Emilio is a resident of New York and a customer of Sprint wireless telephone service. His customer agreement with Sprint contains an arbitration agreement. In January 2005, Emilio filed a demand for class arbitration, asserting that Sprint was unlawfully charging customers a monthly fee to satisfy its obligations to pay “New York State Excise Tax.” In December 2010, the arbitrator concluded that, while Sprint could not be compelled to proceed with class-wide arbitration, Emilio could not be compelled to proceed with bilateral arbitration and had to be “given an opportunity to proceed with his class claims in a court action.” (Dkt. No. 1 at 49.)
As this complex and lengthy procedural history demonstrates, Sprint has repeatedly sought to prevent Emilio from litigating his claims in this forum, and Emilio has diligently prosecuted those claims. Moreover, Emilio proceeds in this Court after initiating arbitration under a provision that was not only mandatory, but also penalized him if he filed in federal court solely to seek a stay—precisely the procedure that Sprint now asserts Emilio should have followed. Given the unusual circumstances of this case, Emilio’s diligence in pursuing his claims, and the fact that Sprint has been aware of Emilio’s allegations since 2005, the Court concludes that equitable tolling is warranted “as a matter of fairness.”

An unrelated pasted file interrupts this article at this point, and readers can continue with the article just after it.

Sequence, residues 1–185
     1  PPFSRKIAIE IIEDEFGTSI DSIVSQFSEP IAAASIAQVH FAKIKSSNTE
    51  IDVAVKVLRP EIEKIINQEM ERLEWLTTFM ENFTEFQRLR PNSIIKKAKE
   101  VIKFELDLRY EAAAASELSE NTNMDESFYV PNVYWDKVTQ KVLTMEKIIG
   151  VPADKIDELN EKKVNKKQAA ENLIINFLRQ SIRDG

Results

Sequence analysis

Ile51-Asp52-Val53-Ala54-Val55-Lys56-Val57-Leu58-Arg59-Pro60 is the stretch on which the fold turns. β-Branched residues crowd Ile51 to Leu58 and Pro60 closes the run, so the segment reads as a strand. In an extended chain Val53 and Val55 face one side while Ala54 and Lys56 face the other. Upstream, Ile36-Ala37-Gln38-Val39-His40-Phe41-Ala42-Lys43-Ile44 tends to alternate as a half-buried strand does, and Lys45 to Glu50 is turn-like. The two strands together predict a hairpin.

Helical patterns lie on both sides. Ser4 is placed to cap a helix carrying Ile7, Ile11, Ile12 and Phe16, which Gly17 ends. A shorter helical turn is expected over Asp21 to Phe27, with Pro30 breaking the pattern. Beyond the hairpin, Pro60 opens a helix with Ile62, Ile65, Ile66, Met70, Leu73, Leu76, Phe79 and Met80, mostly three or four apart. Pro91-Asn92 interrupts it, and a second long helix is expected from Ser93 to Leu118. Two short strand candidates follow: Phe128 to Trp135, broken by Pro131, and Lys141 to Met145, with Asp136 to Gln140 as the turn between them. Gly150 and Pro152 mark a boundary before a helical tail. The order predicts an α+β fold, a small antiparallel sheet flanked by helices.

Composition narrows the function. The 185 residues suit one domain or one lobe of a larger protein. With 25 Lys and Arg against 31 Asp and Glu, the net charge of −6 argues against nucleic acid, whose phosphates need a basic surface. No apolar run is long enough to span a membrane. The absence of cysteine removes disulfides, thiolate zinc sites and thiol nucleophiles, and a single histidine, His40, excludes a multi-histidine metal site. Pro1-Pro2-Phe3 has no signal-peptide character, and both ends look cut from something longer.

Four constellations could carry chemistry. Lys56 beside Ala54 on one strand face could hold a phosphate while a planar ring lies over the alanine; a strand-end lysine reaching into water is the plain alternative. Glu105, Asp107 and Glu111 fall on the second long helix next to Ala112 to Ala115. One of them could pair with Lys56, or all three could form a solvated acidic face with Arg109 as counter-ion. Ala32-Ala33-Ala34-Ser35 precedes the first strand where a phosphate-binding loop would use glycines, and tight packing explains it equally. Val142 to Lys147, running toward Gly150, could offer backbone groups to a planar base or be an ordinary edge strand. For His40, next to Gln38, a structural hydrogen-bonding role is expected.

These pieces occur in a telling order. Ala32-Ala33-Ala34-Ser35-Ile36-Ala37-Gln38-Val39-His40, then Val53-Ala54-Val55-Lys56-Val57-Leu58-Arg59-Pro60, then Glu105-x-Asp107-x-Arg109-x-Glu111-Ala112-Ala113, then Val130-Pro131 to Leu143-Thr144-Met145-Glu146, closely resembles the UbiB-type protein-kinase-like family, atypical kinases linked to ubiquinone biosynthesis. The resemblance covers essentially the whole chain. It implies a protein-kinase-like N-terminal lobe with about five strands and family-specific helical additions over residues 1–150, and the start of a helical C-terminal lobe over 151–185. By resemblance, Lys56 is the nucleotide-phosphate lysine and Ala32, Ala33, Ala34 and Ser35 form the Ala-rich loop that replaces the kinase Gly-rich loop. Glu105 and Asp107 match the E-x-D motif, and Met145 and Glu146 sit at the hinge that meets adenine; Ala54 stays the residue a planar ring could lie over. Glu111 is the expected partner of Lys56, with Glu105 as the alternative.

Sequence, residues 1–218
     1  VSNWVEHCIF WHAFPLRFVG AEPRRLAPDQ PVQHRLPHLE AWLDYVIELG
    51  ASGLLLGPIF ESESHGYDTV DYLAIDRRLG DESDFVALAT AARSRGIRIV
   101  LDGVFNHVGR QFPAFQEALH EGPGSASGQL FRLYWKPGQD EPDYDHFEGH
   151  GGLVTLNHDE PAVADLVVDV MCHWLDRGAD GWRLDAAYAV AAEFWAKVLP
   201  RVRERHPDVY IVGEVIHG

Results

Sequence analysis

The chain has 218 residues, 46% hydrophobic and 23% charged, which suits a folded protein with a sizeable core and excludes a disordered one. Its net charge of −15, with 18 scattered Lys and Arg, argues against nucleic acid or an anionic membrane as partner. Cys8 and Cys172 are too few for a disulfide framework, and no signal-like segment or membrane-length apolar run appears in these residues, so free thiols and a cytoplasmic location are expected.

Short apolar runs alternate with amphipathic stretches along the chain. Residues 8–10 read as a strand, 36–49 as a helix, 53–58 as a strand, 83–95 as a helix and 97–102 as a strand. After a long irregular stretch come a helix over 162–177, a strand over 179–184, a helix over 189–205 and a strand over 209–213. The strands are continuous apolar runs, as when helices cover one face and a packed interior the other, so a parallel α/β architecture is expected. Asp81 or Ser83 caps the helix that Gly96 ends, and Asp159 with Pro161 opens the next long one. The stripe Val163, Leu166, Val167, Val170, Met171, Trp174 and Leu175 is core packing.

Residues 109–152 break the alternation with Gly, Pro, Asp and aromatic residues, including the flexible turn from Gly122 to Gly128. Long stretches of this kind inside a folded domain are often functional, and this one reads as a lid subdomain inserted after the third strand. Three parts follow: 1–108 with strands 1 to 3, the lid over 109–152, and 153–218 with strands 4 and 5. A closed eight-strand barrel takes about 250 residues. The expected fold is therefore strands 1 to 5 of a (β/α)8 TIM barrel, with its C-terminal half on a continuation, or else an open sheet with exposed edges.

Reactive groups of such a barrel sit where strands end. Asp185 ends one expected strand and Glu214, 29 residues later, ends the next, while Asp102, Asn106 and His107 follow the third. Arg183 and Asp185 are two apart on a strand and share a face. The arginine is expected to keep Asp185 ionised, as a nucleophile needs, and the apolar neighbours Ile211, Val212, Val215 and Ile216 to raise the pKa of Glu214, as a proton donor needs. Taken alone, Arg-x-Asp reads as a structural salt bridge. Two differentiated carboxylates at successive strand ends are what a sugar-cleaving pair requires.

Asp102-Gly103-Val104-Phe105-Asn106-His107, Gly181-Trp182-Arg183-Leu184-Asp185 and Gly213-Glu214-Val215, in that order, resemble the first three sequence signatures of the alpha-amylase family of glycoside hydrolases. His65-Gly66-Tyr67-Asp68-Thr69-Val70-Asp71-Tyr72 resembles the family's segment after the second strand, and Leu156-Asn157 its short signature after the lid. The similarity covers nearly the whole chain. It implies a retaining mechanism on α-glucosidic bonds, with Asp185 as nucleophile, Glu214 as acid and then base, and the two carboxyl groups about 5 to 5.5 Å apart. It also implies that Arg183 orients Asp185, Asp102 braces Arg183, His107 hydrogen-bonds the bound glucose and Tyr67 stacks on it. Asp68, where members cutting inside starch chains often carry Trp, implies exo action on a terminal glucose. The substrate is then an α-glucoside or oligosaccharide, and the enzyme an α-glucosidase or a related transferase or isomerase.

As reported by JDSUPRA, a recent class action lawsuit against Sprint for alleged violations of the Telephone Consumer Protection Act was recently sent to arbitration by a federal circuit court judge:
Ronald and Anna Andermann filed suit against Sprint Spectrum L.P., alleging violations of the Telephone Consumer Protection Act, 47 U.S.C. § 227 (“TCPA”), arising out of several service phone calls they received from Sprint regarding the termination of their cellular service. The Andermanns sought to represent a class of similarly situated individuals.
Sprint moved to compel arbitration under the terms of the customer service agreement. The Seventh Circuit, reversing the district court’s denial of the motion, held that arbitration was compelled under the terms of the agreement. Andermann, et al. v. Sprint Spectrum, L.P., No. 143478 (7th Cir. May 11, 2015). Specifically, the Court held that although the original arbitration provision was between the plaintiffs and U.S. Cellular, Sprint had “stepped into U.S. Cellular’s shoes” when it acquired the contract. The plaintiffs argued that the actual assignee of the contract was Sprint Solutions, Inc., rather than the named defendant, Sprint Spectrum L.P. The Seventh Circuit likewise rejected this argument, noting that Sprint Spectrum was designated to be Sprint Solutions’s agent to hold the contracts assigned by U.S. Cellular.
Even if you aren’t able to cash in on these listed lawsuits, your complaint might qualify for arbitration with Sprint. We can help you file a claim and get you compensated–learn more here.